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Religious Imagination

05/18/2020 09:10:24 AM


Rabbi George Gittleman

Being hopeful is perhaps our greatest spiritual challenge. That is why I love Norman Fischer’s latest book, The World Could Be Otherwise.


“The imagination is powerful…(and) essential for our humanness.” He writes.  “The Bible and other religious texts, folktales, myths, … poems, plays, novels, …music, ritual, dreams – all imaginative productions rise up from the unconscious to expand the soul, to help us feel who we really are and what the world really is…Imagination is not an escape from reality. Imagination deepens and enriches reality…To go beyond the possible to the impossible, we need to imagine it.”


He argues that one of the main purposes of religion is to imagine a world that does not exist. Values, norms, ideals, actions that seem impossible, idealistic, out of reach. As Dr. Martin Luther King Jr. use to say, “find a way where there is no way.”


“What is imagination?” He asks. “How can human beings conceive of the impossible (absolute goodness, perfect beauty, truth) and yearn for it? How can we have passionate feelings about imaginary intangibles such as freedom and justice? … Imagination expands our hearts and minds. It brings forth all forms of innovation… All idealism and moral vision depends on imagination.” 


In short, he argues that in this time of environmental crisis, deep political polarization and upheaval, we need to resist the doomsday rabbit whole and imagine a world that could be otherwise. Almost everywhere you look in the history of the Jewish people one sees the crucial role imagination played in our survival and our ability to thrive and contribute at the highest level, where ever we lived.


Unable to own land, to settle in ways that other people could, we imagined a world where we were sovereign, built palaces in time, wrote a sea of literature, pioneered in almost every intellectual endeavor known to human kind. Persecuted and expelled from almost everywhere we lived, we imagined a new reality, new lives in new places, and recreated ourselves over and over again.


For almost 2,000 years we imagined we would somehow return to our ancestral land. Who would have thought it could happen? A language resurrected, a people reconstituted, a nation reborn. Flawed as it is, the modern state of Israel is an unprecedented feat of imagination; “finding a way where there was no way.” 


Hertzel was right when he said, im tirzu lo agadah: “If you imagine it, it is not a fairytale”. The grand sweep of Jewish history shows the power of religious imagination. The ability to imagine a reality that does not exist and seems out of reach is equally powerful on a smaller scale.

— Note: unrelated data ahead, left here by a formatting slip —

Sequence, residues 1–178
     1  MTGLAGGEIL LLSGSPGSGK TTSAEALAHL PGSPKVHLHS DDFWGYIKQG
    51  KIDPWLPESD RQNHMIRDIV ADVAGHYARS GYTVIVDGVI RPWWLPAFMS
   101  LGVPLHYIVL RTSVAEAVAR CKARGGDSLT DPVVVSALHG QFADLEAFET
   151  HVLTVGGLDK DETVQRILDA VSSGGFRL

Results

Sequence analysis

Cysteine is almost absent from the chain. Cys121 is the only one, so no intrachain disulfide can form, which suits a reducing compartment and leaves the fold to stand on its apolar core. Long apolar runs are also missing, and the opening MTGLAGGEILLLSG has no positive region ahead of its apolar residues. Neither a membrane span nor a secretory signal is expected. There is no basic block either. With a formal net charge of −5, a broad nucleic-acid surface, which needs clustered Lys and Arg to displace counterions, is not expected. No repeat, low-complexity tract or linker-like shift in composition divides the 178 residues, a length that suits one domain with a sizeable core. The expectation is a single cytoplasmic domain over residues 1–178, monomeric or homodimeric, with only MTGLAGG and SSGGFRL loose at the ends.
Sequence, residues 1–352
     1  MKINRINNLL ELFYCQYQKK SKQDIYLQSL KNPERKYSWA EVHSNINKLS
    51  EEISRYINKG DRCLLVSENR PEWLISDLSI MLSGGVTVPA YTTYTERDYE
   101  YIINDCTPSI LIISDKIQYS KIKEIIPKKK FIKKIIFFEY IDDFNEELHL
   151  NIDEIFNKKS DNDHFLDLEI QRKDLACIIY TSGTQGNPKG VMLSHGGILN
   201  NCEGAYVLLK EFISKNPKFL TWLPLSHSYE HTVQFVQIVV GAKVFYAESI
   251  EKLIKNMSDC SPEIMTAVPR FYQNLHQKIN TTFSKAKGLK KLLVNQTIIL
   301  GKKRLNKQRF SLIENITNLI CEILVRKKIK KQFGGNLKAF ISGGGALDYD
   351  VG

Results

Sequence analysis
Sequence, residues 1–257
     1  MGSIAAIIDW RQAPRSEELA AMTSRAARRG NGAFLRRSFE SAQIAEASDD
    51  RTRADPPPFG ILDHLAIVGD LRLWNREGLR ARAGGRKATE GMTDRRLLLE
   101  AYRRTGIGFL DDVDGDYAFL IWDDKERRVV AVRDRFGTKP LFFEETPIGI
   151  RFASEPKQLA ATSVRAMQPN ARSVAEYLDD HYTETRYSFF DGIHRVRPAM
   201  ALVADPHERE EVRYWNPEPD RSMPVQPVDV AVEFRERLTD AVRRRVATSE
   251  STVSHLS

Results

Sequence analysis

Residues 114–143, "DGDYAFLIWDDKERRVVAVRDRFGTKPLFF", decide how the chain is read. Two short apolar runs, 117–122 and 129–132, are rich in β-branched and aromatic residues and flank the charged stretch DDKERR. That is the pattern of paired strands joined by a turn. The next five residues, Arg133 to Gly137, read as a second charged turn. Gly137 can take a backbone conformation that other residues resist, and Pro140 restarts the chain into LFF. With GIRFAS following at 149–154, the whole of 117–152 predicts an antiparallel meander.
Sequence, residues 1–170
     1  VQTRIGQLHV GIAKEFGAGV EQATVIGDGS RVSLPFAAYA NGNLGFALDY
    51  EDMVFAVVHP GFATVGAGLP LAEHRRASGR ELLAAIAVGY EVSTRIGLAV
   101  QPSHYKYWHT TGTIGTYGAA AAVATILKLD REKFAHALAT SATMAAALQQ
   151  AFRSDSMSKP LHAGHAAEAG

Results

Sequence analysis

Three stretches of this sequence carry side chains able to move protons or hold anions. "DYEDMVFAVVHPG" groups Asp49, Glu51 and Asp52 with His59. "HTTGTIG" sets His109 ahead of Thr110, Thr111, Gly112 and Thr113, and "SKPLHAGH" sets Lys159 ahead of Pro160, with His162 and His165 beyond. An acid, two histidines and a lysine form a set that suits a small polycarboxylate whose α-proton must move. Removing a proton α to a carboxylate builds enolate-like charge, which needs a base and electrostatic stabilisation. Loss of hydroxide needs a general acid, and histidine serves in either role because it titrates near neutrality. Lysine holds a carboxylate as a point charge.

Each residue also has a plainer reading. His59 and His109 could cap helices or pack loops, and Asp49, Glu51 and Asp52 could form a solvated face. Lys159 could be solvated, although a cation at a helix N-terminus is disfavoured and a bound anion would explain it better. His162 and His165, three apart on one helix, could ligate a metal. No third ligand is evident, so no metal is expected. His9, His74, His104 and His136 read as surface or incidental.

So often for example, our lack of imagination keeps us stuck in a narrow, constricted place with other people; we’re upset, hurt, angry and we simply can’t imagine another way out of the conflict we are in. We can’t imagine their position, feelings or perspective. We also can’t imagine shifting our own perspective. We are sure we are right and they are wrong. Our heart hardens, frozen in a conflict void of imagination.

Yet our tradition calls us to v’ahavta le’arekha kamokha: “to love our neighbor, the other, the stranger as ourselves”. That is a great feat of moral or religious imagination! It’s a lot to ask, but that is precisely the role of religion; to imagine a reality, a way of being; a world that, to date does not exist. Hope is imagination’s “kissing cousin”.  Together they shine a bright light on the road ahead… “Our mission is to plant ourselves at the gates of Hope”— writes the poet, Victoria Safford –

  Not the prudent gates of Optimism,

Which are somewhat narrower.

Not the stalwart, boring gates of Common Sense;

Nor the strident gates of Self-Righteousness,

Which creak on shrill and angry hinges

(People cannot hear us there; they cannot pass through)

Nor the cheerful, flimsy garden gate of

“Everything is gonna’ be all right.”

But a different, sometimes lonely place,

The place of truth-telling,

About your own soul first of all and its condition.

The place of resistance and defiance,

The piece of ground from which you see the world

Both as it is and as it could be

As it will be;

The place from which you glimpse not only struggle,

But the joy of the struggle.

And we stand there, beckoning and calling,

Telling people what we are seeing

Asking people what they see.

- Victoria Safford

Wed, August 4 2021 26 Av 5781